by Gabe Meline
I wasn’t planning on stopping by the Annie Leibovitz exhibit at the Legion of Honor, A Photographer’s Life: 1990-2005, but I’m glad I did, if only to now have the authority to say that I shouldn’t have. It’s a very personal collection, burdened with the weight of death, and though there might have been some emotional strength that went into its assemblage—at least in the many photos of her dying father, her dying lover, and the birth and growth of her two children—I was neither wowed by its artistic merit nor moved by its naked storytelling. The overtly “revealing” timbre of the exhibit, in fact, reminded me of Lauryn Hill’s indulgent Unplugged album, which is a total piece of “this is the real me” crap that no one ever wants to suffer through again.
Visitors gathered instead, shoulder-to-shoulder, in the exhibit’s sadistically narrow “celebrity hallway,” packed with hundreds of tiny prints and magazine pages of Leibovitz’s famous photos. Likewise, there was much crowding around larger photographs sprinkled throughout the exhibit; of the famously pregnant Demi Moore, of Johnny Cash on his porch, of Queen Elizabeth II without her crown. And there was surely lots of talk, on the fifth anniversary of the Iraq war, around Leibovitz’s 2001 “Evil Empire” photograph of Bush, Cheney, Rice, Powell, Rumsfeld, Card and Tenet.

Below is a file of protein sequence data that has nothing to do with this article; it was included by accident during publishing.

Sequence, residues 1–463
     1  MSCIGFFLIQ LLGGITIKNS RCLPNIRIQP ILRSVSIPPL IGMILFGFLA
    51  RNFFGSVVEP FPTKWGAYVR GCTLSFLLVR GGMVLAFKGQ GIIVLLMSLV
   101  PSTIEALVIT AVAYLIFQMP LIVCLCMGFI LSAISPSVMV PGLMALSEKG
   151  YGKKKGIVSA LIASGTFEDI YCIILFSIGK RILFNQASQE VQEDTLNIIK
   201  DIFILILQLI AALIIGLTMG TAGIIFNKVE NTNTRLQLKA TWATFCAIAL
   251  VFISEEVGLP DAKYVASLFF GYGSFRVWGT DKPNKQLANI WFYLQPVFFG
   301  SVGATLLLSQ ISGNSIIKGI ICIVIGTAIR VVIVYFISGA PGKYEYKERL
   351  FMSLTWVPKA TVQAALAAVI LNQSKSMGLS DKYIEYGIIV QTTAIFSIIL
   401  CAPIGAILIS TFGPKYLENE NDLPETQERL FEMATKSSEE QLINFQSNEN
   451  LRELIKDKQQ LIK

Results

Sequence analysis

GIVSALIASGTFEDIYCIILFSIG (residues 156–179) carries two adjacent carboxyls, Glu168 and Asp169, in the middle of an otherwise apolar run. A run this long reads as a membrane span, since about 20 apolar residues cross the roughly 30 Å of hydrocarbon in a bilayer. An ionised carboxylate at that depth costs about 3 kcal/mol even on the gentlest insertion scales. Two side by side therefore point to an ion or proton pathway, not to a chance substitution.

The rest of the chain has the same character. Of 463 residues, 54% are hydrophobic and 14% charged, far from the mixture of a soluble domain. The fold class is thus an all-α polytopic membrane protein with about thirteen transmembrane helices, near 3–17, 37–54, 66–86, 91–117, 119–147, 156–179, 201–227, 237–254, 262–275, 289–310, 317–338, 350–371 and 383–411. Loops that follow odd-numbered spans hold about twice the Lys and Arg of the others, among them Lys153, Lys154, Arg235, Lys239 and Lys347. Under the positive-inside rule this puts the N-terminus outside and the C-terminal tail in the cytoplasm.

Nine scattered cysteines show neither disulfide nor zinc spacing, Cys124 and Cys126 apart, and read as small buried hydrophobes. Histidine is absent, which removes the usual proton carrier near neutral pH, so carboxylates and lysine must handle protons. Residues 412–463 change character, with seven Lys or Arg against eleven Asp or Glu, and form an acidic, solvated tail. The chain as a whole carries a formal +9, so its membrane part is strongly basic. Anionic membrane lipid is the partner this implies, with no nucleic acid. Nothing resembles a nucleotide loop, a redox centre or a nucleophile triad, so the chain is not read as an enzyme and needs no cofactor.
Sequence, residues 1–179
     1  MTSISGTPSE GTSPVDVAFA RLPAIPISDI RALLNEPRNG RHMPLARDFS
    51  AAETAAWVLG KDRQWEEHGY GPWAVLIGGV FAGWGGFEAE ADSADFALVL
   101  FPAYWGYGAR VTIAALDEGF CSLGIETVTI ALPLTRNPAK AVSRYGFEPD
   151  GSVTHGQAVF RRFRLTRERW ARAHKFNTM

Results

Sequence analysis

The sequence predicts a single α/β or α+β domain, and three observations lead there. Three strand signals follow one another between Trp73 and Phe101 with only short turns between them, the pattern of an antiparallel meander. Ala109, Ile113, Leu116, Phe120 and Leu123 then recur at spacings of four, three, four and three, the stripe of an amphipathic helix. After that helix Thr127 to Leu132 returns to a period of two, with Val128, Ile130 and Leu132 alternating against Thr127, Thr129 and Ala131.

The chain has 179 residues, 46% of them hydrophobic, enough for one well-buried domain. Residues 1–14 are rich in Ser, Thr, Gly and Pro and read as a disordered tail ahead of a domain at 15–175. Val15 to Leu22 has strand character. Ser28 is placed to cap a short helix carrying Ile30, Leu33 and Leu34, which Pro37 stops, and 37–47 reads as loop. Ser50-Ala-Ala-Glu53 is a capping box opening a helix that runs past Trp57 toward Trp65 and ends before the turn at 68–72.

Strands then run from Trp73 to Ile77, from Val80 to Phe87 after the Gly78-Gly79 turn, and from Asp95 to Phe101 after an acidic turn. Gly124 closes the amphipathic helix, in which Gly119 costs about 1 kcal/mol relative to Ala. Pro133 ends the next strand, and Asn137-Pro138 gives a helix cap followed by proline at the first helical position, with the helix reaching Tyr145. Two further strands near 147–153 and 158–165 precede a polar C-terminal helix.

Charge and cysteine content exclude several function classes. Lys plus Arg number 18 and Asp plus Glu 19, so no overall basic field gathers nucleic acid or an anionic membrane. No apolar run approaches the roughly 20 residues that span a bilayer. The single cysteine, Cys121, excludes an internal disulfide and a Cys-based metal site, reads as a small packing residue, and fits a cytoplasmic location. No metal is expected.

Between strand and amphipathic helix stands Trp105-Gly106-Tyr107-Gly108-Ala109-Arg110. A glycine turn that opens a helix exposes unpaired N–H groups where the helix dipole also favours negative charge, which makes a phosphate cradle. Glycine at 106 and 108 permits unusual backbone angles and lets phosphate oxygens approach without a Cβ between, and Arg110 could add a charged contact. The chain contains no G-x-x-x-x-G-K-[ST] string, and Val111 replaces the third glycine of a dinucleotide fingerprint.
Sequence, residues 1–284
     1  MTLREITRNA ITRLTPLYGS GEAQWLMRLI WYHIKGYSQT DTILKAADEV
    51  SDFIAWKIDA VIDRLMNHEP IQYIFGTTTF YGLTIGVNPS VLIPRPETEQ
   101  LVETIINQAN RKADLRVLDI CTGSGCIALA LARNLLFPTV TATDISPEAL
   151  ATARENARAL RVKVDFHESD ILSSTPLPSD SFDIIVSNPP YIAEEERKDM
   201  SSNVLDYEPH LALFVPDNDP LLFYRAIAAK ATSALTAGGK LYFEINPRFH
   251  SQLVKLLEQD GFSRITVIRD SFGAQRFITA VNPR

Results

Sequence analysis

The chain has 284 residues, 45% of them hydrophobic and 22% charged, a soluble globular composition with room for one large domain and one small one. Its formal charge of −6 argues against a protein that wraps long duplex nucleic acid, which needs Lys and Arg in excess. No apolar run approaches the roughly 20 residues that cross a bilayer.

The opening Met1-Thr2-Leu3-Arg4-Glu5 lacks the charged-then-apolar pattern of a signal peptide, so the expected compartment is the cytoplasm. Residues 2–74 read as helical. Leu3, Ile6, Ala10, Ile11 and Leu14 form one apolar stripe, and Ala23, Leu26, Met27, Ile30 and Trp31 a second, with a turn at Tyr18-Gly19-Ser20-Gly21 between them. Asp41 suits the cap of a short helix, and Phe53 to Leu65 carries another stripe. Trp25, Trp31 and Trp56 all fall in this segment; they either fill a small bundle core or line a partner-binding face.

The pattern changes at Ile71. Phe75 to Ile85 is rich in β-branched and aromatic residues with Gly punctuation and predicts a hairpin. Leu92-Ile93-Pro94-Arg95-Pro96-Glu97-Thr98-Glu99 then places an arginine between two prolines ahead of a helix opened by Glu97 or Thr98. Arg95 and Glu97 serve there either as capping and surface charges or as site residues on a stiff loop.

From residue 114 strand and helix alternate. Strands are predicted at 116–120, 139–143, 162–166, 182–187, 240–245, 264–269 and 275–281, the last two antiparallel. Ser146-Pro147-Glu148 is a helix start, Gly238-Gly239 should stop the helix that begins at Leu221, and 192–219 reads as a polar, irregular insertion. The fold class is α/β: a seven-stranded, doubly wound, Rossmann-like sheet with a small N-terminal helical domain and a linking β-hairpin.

Many of these photos, and especially the gigantic landscape prints from Monument Park and Venice, are dazzling, and contain insightful and often sardonic descriptions by Leibovitz about her process (remarking on her portrait of Richard Avedon, she essentially says that Avedon knew how to take portraits correctly and that she still does not). But there’s an extreme sense of disconnect with the many, many personal photos, the banal explanations of which are like a very dull person’s slide-show commentary—“We went here. We did this.” The show’s accompanying $75.00, eight-pound book hopefully offers some more insight, but the choice of letting the viewer make up their own mind about these images is misguided.
At the end of it all, I can say two things. 1) I still really like Annie Liebovitz quite a lot, and 2) If I have to look at another photograph of Susan Sontag, I am going to throw up.